Snowmaking as finally installed at Cannon for the 1968-69 season when the state paid $544,000 to install a system covering 7 trails in the Zoomer and Peabody areas. A pumphouse was built on the side of Echo Lake. Fortunately for Cannon the 1968-69 season featured record snowfall, as the new system was not ready to go until mid January. An end-of-February snow storm was the icing on the cake for the banner season, as some 47 inches fell in about 24 hours, resulting in a massive effort to dig out the lifts, buildings, and parking lots from huge drifts.
The state spent nearly $1 million at Cannon for the 1972-73 season when it built a new base lodge in the Peabody area, renovated the summit lodge, and replaced the lower T-Bar with a new double chairlift (which would later become known as the Hong Kong). Also that season, a new policy was started in which those age 70 or older could ski for free at Cannon or Sunapee.
As was the case throughout New England, the 1973-74 season was a disaster at Cannon. By the end of March 1974, Cannon recorded less than $150,000 in revenue, a fraction of its average runrate. As a result, the state poured additional money into the snowmaking system. A new novice Poma lift debuted for 1975.
Replacing the Tram
Around this time, Cannon's management ramped up requests for a new tramway, claiming the 36 year old lift was inadequate and causing financial harm to the ski area. Also around this time, Governor Meldrim Thomson proposed building a wind turbine at the top of Cannon Mountain to offset the tram energy usage.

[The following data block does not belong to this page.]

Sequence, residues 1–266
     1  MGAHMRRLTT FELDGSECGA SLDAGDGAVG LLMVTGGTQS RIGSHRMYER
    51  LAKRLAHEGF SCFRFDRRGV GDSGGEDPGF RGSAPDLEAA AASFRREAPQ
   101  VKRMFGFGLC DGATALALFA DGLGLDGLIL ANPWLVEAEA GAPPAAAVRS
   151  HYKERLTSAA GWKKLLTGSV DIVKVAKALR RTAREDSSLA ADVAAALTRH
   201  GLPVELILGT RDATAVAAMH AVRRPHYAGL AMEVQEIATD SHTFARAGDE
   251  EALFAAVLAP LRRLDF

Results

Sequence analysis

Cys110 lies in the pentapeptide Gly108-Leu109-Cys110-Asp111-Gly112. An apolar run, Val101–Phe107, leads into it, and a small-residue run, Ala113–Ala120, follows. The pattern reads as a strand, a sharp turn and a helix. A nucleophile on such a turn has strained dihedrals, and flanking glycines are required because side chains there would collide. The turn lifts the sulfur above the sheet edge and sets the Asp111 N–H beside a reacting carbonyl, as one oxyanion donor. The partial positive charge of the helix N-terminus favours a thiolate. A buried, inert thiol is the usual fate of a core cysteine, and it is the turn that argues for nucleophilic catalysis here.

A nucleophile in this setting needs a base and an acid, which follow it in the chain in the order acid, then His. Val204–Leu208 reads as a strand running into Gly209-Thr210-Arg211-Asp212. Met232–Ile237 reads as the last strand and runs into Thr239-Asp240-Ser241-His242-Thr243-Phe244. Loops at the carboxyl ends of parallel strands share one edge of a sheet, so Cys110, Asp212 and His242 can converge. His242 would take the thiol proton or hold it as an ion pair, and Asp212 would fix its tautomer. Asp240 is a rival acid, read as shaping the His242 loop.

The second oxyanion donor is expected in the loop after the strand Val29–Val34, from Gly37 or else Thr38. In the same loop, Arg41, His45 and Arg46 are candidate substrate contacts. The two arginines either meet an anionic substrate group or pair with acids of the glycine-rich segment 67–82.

Cannon in the late 1980s/early 1990s
Citing competition with private industry, as well as the then-$3 million request for a tram replacement, Governor Thomson considered selling or leasing both Cannon and Sunapee in 1977. The tram replacement was eventually approved, however, for $3.7 million. In May of 1978, Agudio Corp. of Italy came in with the lowest bid at $3.8 million. Work began in July of 1978 and continued through May of 1980. Growing to $4.6 million in cost, 80 passenger tramway debuted in late May.
After decades of local opposition, construction finally began on the Franconia Notch Parkway in 1982. Upon opening in late 1987, this new Interstate 93 connector dramatically improved access to Cannon Mountain. The road was formally dedicated in the spring of 1988.
The State of New Hampshire spent $500,000 in 1984-85 to install a new triple chairlift serving the Zoomer Area.
Around this time, nearby Mittersill ski area closed. Efforts to incorporate Mittersill into Cannon ramped up as the 1980s progressed. After acquiring some privately held land near the bottom of the area, the state pushed to either get a National Forest use permit or landswap for the rest of the Mittersill ski area land. Meanwhile, the Mittersill trail network was becoming a legendary sidecountry/backcountry destination.